Industry Nine Hydra Enduro S Carbon Review: 3,000 Miles In
After 3,000 miles of use and abuse, Logan reports back on one of his favorite wheelsets, the Industry Nine Hydra Enduro S Carbon. Find his full long-term review here…
This isn’t our first rodeo with Industry Nine’s Enduro S wheels. You can find a review of the venerable alloy Enduro S linked in the Related Content grid at the bottom of the post. However, after I9 expanded the product line to include a carbon version a couple of years ago, we wanted to give them a run for their money too. I’ve been testing a pair of the Hydra Enduro S Carbon for over two years now, and based on semi-educated estimates, I’ve put around 3,000 miles (4,500 kilometers) on them. That includes both bikepacking and trail riding on my fully rigid Nordest Sardinha and ripping around singletrack on my full-squish Ibis Ripley. Read on for my long-term review to see how they’ve held up.
S is for Steel
I9’s “S” series has long been one of my personal favorite wheel lines. While they’re not as flashy as the brand’s signature aluminum-spoke “System” wheels, the S series wheelsets are still hand-built in Asheville, North Carolina, and feature the company’s house-machined fast-engagement hubs. And what they lack in bling, they make up for with a great roster of specs in a more affordable price point. Don’t get me wrong, these aren’t budget wheels. But, the point is, you still get I9 quality wheels, and they’re not as pricey as I9’s top-shelf models—and they’re arguably more durable.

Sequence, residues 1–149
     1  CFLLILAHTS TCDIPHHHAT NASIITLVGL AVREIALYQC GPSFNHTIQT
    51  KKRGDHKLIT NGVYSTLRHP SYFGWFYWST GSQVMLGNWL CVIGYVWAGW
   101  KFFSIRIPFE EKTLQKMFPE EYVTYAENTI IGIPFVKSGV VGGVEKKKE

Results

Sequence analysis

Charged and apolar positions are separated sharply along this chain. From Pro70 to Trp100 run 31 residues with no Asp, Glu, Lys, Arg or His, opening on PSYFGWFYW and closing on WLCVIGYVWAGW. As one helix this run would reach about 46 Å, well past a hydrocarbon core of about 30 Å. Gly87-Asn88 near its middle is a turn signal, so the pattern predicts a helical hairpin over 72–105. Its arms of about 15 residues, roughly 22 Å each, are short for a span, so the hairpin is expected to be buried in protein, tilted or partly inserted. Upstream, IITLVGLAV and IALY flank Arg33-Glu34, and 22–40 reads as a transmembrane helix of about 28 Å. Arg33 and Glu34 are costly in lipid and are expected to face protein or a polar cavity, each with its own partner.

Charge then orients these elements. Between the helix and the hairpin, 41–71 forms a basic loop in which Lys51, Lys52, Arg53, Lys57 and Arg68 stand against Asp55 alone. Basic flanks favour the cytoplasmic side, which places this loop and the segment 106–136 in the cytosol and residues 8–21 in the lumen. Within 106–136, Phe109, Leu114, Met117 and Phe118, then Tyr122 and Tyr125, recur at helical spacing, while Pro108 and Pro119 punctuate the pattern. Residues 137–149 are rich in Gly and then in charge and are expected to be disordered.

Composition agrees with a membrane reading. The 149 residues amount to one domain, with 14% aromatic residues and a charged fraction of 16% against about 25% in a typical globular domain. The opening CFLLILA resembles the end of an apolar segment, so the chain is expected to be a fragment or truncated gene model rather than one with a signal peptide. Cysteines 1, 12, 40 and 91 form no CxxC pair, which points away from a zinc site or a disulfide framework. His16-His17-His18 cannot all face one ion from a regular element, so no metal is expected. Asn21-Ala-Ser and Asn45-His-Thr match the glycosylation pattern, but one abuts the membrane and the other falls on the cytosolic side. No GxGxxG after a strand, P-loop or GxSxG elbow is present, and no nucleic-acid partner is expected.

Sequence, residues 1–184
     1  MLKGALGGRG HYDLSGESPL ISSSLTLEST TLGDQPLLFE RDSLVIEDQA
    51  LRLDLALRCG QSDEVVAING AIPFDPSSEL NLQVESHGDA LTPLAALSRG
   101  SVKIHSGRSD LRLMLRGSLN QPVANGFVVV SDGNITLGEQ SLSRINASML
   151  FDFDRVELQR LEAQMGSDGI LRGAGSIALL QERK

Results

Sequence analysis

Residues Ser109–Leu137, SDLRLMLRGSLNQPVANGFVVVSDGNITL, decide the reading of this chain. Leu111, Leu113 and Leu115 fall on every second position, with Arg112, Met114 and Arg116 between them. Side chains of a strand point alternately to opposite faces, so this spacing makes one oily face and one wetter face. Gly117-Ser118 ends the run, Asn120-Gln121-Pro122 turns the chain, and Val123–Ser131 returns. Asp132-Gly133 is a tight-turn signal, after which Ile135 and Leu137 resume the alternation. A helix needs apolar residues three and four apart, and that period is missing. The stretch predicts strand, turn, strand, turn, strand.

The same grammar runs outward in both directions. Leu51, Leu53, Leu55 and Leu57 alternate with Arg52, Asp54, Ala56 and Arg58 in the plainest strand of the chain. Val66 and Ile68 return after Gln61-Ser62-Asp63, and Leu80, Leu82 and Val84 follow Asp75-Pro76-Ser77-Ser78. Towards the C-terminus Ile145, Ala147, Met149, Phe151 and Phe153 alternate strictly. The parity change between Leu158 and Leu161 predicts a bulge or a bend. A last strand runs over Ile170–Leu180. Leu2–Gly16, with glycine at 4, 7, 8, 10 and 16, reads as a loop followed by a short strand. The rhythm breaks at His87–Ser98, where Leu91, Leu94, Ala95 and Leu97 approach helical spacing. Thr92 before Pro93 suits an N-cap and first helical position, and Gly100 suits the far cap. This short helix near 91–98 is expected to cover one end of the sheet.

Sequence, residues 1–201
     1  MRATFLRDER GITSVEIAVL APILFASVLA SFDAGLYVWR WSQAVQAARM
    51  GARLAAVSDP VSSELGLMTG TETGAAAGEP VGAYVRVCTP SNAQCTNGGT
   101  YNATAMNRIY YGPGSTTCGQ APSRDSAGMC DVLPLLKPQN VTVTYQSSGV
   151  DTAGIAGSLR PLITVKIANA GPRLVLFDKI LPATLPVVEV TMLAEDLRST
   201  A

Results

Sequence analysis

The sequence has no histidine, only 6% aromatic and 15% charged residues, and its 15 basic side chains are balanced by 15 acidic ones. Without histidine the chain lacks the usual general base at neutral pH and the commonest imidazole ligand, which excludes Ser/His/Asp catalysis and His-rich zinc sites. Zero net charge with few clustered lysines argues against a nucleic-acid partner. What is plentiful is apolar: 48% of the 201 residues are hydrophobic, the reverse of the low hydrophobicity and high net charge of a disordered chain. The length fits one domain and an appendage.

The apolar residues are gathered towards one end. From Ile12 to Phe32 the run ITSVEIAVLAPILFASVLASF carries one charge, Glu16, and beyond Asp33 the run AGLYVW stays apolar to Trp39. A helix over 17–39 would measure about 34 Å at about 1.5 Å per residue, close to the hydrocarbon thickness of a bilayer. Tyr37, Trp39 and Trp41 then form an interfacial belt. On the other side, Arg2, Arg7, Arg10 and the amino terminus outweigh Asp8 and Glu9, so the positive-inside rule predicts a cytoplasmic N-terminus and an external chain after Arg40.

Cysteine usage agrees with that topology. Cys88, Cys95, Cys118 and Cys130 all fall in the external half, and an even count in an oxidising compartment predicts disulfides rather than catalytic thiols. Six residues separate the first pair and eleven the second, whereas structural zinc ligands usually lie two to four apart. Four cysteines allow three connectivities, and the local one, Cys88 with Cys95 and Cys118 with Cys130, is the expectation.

Aside from being less expensive, the most notable difference from Industry Nine’s System Wheels is that the S series uses steel spokes, instead of I9’s signature anodized aluminum spokes. This results in a slightly more supple ride, in my opinion. I’ve tried both and I actually prefer steel spokes over aluminum for the ride quality, which I’ll get to later. But before I dig in, let me quickly summarize the S series lineup of options. There are two main wheelset options: Trail and Enduro. The Trail features rims with 28mm internal widths, while the Enduro S has a 31mm IW, made for tires ranging from 2.3-2.8″, according to I9. In my opinion, the 31mm width is ideal for 2.4 and 2.6″ tires, which are pretty much the only two widths I use nowadays. It’s the sweet spot for trail riding and bikepacking.
From there, both the Trail and Enduro come in Hydra or 1/1, and there a couple of key differences between the two. The Hydra wheelsets use the blazing fast Hydra hub, offering .52° of engagement, while the 1/1 series has the 6-pawl 1/1 hub with 90 points (4°) of engagement. But that’s not the only differentiator. The Hydra line also features straight-pull spokes, while the 1/1 get classic J-bend spokes. Then there are carbon or alloy versions of each, making six variations in all. You can also get them in Boost or Super-Boost widths, with a MicroSpline, HG, or XD hub driver.
The Industry Nine Enduro S has always been about simplicity and reliability, which is one of the reasons why we loved the original. The newer Hydra Enduro S Carbon carries on this tradition with the same versatile 31mm internal rim width, the same 6-bolt rotor only hub option, and the same three-cross, 28-count Sapim Race 14G straight pull spokes. These are all features that speak my language. Better yet, the wheels use a single 303mm spoke length on both sides and on both wheels. That’s a nice touch, especially if you’re one to carry an extra spoke or two on long bikepacking trips.
I already wrote a detailed review on the Hydra hub, which you can find linked in the Related Content grid below. In summary, I9’s Hydra included a new phased pawl system that’s faster, quieter, and superior to the older Torch hubs on multiple fronts. Quicker engagement aside, the biggest advancement came with the bearing and axle redesign. As stated in that review, I had no issues after 1,000 miles, and haven’t even had to service these after 3,000 miles. Granted, I used two freehubs throughout the test (one XD and one MicroSpline), and it could use some fresh grease, as you can see in the photos below. But I haven’t had to replace any bearings, and there’s no bearing play to speak of, which is pretty impressive.